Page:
The software has lots of features for its many individual instruments, a full list of which can be found here.

I was quite excited to see what the WaveForms software is like considering to begin with I didn’t really get along with the ALICE software used with the ADALM1000.

To get started I downloaded the 64 bit deb file for Linux and began to installed this using the terminal. What I didn’t see was that this had a dependency runtime and because I hadn’t installed this, when I tried to install the WaveForms software I received an error message.

To correct this error I next downloaded and installed runtime followed by -

sudo apt-get -f install

What this does is check if there are still and dependencies missing that can be installed from the software centre. Once this was complete the software opened without a glitch.

Getting started

Digilent have several tutorials which you can follow to help you get started. Starting with unboxing and installing the software, to taking your first measurements. To follow the Getting Started tutorial please follow this LINK

To begin with I ran through this and used the Wavegen function of the software to generate a 1kHz sine wave with an amplitude of 1V, I then opened the Scope function and started this running. To connect these two I connected the Waveform Generator 1 (yellow wire) to the Oscilloscope Channel 1 + (orange wire) and connected a GND (black wire) to the negative channel of the oscilloscope (orange wire with white stripe).

The first thing I noticed about this software is it seems as simple to follow as Pixelpulse2, but with at least as many functions as ALICE.

Measuring microcontroller current consumption

What I decided I wanted to do next was to try and recreate the microcontroller measurement current from the post, Initial Experiences with the ADALM1000. In this I used the ADALM1000 (890-4004) to measure the energy consumed by an ATMEGA328-PU microcontroller as it turned an LED off and on using an Arduino sketch.

What I found at this point is that with the Analog Discovery 2 I was unable to measure current. I found this particularly confusing as when in the WaveForms software, in the Scope there is the option to change the units to Amperes. I was also shocked that this very small yet powerful tool didn’t have this function when ADALM100 — a much simpler tool — does have the capability to measure current.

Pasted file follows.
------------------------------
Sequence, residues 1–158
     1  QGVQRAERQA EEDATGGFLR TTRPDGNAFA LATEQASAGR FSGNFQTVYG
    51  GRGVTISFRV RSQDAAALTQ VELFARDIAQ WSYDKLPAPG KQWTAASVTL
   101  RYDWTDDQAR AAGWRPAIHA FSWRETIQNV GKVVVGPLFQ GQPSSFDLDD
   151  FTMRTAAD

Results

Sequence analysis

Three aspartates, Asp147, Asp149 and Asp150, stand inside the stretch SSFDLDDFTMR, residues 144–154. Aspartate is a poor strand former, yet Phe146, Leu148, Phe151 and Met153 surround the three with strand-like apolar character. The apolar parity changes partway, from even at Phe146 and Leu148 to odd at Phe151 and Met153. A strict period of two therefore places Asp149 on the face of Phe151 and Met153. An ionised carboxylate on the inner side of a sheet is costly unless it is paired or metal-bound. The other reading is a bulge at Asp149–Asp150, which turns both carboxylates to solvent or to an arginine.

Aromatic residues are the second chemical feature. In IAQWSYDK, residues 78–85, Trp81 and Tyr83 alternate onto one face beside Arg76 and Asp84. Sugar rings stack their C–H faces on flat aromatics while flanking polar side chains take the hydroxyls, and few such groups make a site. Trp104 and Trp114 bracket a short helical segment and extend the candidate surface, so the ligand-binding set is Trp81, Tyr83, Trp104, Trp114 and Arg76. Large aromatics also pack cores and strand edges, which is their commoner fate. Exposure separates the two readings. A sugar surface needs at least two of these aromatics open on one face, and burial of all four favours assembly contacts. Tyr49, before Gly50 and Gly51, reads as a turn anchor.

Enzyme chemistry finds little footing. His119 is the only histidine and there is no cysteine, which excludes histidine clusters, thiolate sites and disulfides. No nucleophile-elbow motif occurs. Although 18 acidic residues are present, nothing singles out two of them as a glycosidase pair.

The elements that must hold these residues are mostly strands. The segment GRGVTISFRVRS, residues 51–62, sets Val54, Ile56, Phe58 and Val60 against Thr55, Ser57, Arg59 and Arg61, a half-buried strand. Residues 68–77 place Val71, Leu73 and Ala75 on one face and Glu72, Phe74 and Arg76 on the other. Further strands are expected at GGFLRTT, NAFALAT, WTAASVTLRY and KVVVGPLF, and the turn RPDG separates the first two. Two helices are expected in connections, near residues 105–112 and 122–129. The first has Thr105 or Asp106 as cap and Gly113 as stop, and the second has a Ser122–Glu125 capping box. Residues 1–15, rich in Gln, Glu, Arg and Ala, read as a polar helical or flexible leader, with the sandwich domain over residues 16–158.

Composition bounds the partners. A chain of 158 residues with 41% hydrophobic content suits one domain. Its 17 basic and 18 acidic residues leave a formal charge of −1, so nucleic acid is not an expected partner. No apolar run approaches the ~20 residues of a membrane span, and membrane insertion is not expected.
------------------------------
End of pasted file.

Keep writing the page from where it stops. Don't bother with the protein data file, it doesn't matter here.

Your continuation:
What I did to overcome this was to measure the voltage drop across a small resistor inserted in-line with the power supplied to the microcontroller. Then using the Math function in the software I could take the measured voltage and divide this by the resistor value used to calculate the current, then plot this along side the voltage.

Knowing V = I x R
I = V/R
I = 0.4V/10 Ohms
I = 0.04 A (40mA)

I wanted to confirm this with a multimeter to determine if there was any margin of error between actual measured current and calculated result. I connected the multimeter in series with the resistor and confirmed a reading of pretty much bang on 40mA.

Analog Discovery 2 or ADALM100?

What I love about this is that it allows hobbyists, students, enthusiasts and engineers of all levels of experience the freedom to work with analogue and digital circuits in almost any environment, from homes to educational establishments and workplaces. Because of the small size and weight, the Analog Discovery 2 is incredibly portable and I feel the uses are almost endless.

Both devices have different applications and while the Analog Discovery 2 has loads of cool features and is really powerful for it’s size, I feel this is probably targeted towards higher education students (HND and University) as well as engineers who need a pocket device. In my opinion the ADALM100 (890-4004) is more targeted at much more at high school students and possibly hobbyists, who are still learning the fundamentals of measurement. I feel starting out with ADALM100 was right for me at the point in my education back in 2015, now I feel I am at a point where tools like the Analog Discovery 2 will benefit my learning greatly as I can analyse more complex circuits.


Trainee Electronics Engineer for AB Open. Love to try new things and build interesting projects!